Monday, October 29, 2007

Letters From (North) America #8


Like I was going to go to North America and not take in at least one gig...

Too late into New York for the dream bill of Arcade Fire / LCD Soundsystem / Les Savy Fav / Blonde Redhead at Randall's Island a week earlier, too far from Williamsburg for the free Fiery Furnaces in-store appearance the same night, still out in the sticks when the Raveonettes tour called in on Toronto - but, thanks to Friday's visit to Rotate This, we discovered !!! were in town the night we got back to Toronto and promptly snapped up tickets to see one of the bands who really made our Glastonbury this year.

As the name would suggest, the Opera House has in days gone by played host to a form of entertainment generally considered more high-brow and "cultured" than rock 'n' roll. The ornate frame around the stage serves as a reminder of that past, making the experience of seeing a gig there, even given the scuzziness of the floor and bar areas, similar in nature to witnessing the collision of the sacred and the profane which very often takes place at the Point in Cardiff (such as when the Melvins were the visitors).

By the time we make it in, past three separate check points - ID (you've got to be over 21), pat-down security search, ticket - the support band are well into their set. If the member of staff at Rotate This who sold us the tickets is to be believed, this is Lioness. He had urged us to get there early to see his friends perform. Their take on The Gossip with added keys may be more than just idle chatter, but ultimately nothing in their set dazzles as much as the huge-haired vocalist's gold lame dress. But no matter - (Dead Kennyism ahoy) they're not the mane attraction.

One thing that's struck me so far during my time in Canada is quite how keen Canadians are to distinguish themselves from their near-neighbours. Many eagerly impress upon you their British roots, and certainly in their general politeness and reserve - in contrast to the stereotype of the brash, whooping, loudmouth American - they feel like close relations. Which is all very well in most circumstances - but not at gigs. According to our hosts and fellow concert-goers, Toronto crowds are notoriously restrained - so, from their perspective, the frenzy which ensues after the headliners take to the stage is all the more surprising. Of course, Jenni and I knew what to expect - if anyone could bring the party to Toronto, loosen limbs, animate arms and set feet in motion, then !!! could.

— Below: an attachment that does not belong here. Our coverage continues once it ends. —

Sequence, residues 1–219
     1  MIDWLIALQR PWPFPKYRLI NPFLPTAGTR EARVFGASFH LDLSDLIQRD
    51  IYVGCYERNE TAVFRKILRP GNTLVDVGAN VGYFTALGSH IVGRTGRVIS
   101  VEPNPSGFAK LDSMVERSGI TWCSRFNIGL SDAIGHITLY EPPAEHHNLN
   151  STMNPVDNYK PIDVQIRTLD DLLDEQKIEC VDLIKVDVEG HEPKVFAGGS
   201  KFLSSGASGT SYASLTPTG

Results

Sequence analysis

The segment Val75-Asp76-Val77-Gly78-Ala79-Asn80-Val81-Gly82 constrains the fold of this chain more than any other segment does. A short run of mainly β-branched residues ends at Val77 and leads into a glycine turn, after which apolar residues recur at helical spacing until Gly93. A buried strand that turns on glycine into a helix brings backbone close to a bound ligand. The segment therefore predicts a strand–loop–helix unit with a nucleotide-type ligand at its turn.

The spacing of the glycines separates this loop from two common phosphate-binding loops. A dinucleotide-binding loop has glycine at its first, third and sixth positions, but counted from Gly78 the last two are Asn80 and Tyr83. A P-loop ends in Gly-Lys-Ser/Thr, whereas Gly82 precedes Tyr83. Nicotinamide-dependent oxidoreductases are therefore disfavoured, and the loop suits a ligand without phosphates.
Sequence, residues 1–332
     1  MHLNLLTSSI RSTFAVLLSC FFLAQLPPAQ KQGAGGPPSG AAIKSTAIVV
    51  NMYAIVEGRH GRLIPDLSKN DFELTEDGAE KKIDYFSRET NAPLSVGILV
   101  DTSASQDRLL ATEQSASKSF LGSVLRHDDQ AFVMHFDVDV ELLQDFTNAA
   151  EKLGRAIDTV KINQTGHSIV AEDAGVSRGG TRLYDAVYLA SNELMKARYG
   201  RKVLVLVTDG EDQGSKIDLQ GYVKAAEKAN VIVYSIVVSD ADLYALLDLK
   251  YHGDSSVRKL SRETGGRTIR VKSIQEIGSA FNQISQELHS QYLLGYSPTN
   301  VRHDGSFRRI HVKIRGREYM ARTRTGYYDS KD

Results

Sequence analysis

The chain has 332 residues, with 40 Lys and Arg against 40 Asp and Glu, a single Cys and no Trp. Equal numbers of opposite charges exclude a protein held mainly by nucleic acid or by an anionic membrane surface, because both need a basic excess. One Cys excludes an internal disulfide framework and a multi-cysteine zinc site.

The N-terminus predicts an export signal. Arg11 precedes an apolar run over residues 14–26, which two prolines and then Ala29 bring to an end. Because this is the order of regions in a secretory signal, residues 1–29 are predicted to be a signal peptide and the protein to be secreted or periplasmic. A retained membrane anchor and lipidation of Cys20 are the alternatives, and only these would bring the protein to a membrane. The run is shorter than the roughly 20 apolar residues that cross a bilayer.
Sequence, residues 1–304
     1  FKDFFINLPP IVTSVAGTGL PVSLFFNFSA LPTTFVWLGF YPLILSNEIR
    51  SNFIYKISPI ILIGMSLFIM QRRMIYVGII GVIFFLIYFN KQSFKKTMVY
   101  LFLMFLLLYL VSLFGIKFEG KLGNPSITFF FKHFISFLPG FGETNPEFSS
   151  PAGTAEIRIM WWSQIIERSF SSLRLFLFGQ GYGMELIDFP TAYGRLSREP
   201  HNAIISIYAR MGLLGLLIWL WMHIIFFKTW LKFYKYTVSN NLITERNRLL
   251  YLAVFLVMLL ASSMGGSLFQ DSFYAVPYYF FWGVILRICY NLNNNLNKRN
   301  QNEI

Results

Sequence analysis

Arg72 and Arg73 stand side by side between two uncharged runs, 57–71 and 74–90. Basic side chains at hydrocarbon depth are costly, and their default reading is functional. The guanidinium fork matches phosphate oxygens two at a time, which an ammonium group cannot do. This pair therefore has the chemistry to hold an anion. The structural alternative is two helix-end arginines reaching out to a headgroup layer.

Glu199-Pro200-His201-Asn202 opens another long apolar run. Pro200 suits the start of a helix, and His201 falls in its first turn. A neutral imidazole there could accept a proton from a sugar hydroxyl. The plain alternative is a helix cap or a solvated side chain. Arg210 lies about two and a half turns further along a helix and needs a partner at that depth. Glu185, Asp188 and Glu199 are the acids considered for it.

This is the New Yorkers' final date on their North American tour in support of latest album Myth Takes, and the set is as a result comprised primarily of new material. 'All My Heroes Are Weirdos' is inventively percussive 70s cop show funk as viewed through a hipster's shades, not to mention a succinct explanation as to why John Frusciante loved them so much he insisted they accompany the Red Hot Chili Peppers on tour, while the stomping beat of 'Yadnus', pounded out by not one but two drummers, can be set alongside that of Battles' 'Atlas' as evidence that the glam revival is well and truly underway. Much as Big Apple predecessors Blondie were a new wave band seduced by disco, !!! are a punk band that have internalised the rhythms and aesthetics of dance music so completely that the joins are no longer visible - and in any case you're lost too deep in the groove to want or try to look for them.

Principal drummer Gerard Fuchs might be sporting an interesting moustache and bassist Justin Van Der Volgen might look like Mick Fleetwood had he been kidnapped, kept in a cupboard and fed nothing but magic mushrooms, but the real star of the show is frontman Nic Offer. Phill had it absolutely right when he said that Offer is the worst dancer imaginable. He whirls and prances about the stage, jumps up on the amp and grabs his face theatrically. Most amusing of all, though, is when, with arms straight, he holds out his hands flat, jittering about like a paunchy and slightly sweaty penguin undergoing electric shock therapy. You might be forgiven for thinking this would be a bad thing for an ubercool band for whom dancing is so important, but the exact opposite is true - Offer's complete lack of self-consciousness, the way he hands control of his body over to the music so entirely, is precisely what makes the crowd lose it to the extent they do. We might all look just as ridiculous, but we just don't care.

We get an encore that Montreal didn't ("so you've got to go extra crazy") and the roof never comes quite so close to being blown off as at the climax of 'A New Name', Offer wandering around with his arse hanging out after co-vocalist Shannon Funchless rips the seat of his jeans.

The repeated "Don't stop" refrain of 'Bend Over Beethoven', an echo of Junior Senior's one-hit-wonder disco gem, seems to be as much them encouraging themselves to keep going - their equivalent of Thomas the Tank Engine's "I think I can, I know I can" - but, out of exhaustion and sympathy for the soles of our dancing shoes, it has to end at some point. Unfortunately.

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